–as part of his agreement with the government, Pequette consented to plead guilty to state charges of misusing his notary seal. But the state has not taken him up on his offer and he remains a notary public.

–Terry LaDuke, Leech Lake employee, received two payments of $400 each from the White Earth general fund in 1994; testified that is was common practice at both Leech Lake and White Earth to gather ballots to be notarized, with or without the voter’s presence.

–Tom Staples, Leech Lake employee, received checks totaling $2,000 in 1994 for among other things, delivering ballots notarized by Henry Harper to the White Earth Election Board in Mahnomen. Government records show another $600 check cashed at the Shooting Star Casino is his name, but Staples said the signature does not match his.

–in an election appeal in Sept 1994, the Minnesota Chippewa Tribe appointed White Earth election board alternate Patricia Keogh and MCT executive director Gray Frazer to review the election, and, despite finding more than 300 invalid ballots, then-chief judge Tammy Stromstad upheld the results.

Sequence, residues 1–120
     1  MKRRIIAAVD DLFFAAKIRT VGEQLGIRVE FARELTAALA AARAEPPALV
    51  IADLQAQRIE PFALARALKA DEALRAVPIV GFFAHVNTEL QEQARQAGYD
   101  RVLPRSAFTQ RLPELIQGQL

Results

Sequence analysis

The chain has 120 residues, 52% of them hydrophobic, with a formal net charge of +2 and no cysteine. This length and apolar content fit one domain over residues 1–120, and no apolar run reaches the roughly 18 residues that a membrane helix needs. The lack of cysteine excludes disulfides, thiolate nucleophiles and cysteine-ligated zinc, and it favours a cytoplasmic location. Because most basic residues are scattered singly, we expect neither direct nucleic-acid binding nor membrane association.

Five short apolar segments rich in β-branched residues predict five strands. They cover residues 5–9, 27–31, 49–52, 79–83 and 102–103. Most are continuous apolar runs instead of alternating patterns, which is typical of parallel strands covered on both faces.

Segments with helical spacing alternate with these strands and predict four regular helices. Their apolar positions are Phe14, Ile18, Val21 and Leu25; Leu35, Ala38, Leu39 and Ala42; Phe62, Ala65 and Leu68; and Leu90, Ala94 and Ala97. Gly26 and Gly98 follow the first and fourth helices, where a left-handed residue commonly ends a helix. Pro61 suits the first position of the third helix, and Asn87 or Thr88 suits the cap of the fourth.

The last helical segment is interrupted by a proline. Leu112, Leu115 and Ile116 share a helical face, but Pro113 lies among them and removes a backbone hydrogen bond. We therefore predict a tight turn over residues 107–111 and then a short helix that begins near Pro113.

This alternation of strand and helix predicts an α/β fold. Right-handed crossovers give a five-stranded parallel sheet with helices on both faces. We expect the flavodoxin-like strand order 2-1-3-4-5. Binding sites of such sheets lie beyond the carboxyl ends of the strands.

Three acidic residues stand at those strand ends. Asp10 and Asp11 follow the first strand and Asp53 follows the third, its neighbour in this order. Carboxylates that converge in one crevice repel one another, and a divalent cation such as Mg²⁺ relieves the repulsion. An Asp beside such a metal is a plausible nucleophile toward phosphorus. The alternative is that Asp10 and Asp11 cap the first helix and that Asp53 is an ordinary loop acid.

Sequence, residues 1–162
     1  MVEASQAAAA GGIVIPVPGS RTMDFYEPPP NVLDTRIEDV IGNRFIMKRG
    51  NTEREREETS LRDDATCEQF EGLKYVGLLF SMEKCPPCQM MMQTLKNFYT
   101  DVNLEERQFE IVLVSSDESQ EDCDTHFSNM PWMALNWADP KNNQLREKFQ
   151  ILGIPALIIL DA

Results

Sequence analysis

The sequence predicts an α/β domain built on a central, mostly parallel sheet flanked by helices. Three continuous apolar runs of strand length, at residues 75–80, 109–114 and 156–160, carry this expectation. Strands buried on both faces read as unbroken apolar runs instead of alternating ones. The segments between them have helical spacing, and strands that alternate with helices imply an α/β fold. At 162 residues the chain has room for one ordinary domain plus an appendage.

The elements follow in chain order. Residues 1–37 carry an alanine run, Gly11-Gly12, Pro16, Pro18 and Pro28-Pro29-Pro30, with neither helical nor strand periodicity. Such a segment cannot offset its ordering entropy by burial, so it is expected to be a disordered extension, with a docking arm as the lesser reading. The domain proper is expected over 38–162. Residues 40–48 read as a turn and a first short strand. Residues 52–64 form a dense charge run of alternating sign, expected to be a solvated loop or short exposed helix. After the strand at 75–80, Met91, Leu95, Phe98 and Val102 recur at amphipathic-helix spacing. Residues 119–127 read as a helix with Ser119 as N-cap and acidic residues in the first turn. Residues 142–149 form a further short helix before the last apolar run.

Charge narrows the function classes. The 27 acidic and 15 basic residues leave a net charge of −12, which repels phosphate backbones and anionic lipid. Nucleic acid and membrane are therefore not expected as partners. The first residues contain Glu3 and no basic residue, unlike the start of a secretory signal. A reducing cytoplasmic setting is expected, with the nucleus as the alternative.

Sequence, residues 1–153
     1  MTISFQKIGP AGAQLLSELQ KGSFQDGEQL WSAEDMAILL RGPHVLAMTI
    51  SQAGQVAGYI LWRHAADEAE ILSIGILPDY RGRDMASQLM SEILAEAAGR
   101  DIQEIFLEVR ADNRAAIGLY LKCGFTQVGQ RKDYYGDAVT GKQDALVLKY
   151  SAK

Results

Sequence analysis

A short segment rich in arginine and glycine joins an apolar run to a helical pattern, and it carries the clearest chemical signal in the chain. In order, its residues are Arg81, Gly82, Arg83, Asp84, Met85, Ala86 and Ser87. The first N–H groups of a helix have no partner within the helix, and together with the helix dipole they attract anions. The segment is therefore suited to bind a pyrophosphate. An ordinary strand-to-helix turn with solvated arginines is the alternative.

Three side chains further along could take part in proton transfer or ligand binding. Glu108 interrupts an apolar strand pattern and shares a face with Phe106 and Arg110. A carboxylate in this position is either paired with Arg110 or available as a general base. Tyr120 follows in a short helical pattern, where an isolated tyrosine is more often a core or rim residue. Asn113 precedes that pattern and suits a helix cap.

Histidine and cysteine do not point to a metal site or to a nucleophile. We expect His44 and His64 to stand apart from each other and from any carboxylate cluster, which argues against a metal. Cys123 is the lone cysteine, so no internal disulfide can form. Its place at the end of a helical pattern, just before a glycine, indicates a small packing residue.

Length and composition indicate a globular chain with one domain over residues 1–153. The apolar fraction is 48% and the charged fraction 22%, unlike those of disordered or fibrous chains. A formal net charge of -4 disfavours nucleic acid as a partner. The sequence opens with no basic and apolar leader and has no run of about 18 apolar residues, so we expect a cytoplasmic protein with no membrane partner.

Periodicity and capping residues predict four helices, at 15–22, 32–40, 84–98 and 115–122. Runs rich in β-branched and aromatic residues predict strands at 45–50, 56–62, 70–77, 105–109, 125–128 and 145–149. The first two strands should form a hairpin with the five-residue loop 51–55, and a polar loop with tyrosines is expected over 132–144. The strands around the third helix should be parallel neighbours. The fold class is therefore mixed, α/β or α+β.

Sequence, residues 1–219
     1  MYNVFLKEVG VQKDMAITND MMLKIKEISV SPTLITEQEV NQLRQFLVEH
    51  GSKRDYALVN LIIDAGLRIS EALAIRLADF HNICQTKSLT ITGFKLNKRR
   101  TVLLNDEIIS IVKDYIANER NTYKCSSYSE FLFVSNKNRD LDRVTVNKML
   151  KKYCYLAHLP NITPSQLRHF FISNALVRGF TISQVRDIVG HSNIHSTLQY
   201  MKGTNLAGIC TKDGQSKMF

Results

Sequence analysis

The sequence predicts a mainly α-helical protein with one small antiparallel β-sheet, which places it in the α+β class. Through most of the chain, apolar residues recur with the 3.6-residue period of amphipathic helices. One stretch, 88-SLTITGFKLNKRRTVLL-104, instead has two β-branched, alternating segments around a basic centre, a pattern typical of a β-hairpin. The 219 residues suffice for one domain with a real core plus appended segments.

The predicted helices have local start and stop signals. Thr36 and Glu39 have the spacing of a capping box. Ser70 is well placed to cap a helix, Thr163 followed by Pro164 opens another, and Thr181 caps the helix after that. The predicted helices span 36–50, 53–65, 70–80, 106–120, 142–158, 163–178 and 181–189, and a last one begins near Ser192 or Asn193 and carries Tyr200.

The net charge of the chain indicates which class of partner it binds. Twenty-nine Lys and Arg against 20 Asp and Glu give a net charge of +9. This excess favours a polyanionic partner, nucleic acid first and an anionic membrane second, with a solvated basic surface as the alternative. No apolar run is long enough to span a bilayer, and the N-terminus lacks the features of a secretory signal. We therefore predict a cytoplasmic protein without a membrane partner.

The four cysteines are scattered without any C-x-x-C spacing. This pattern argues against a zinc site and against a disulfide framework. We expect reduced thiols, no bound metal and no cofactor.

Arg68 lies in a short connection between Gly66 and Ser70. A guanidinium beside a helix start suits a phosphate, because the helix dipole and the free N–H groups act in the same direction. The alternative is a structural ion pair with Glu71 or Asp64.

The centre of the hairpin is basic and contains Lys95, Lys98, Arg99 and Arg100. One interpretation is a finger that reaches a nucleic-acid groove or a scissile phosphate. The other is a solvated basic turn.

–questioning Gary Frazer, defense attorneys tried to establish that the BIA and the MCT’s Tribal Executive Committee oversee the elections, “Isn’t it true that the federal government ultimately approves every election of the White Earth Reservation?” Frazer took a long pause before answering that the Bureau does have the authority to intervene. In fact, however, the BIA does not examine election results or monitor the vote, despite more that a decade of complaints of fraud. Similarly, Frazer testified that the TEC does not enforce its election ordinance, leaving the RBCs total control over interpreting the MCT constitution and tribal law. Asked, “How often in your tenure have the members of the tribe been asked to votes on these interpretations?” Without hesitation the MCT administrator answered, ‘none.’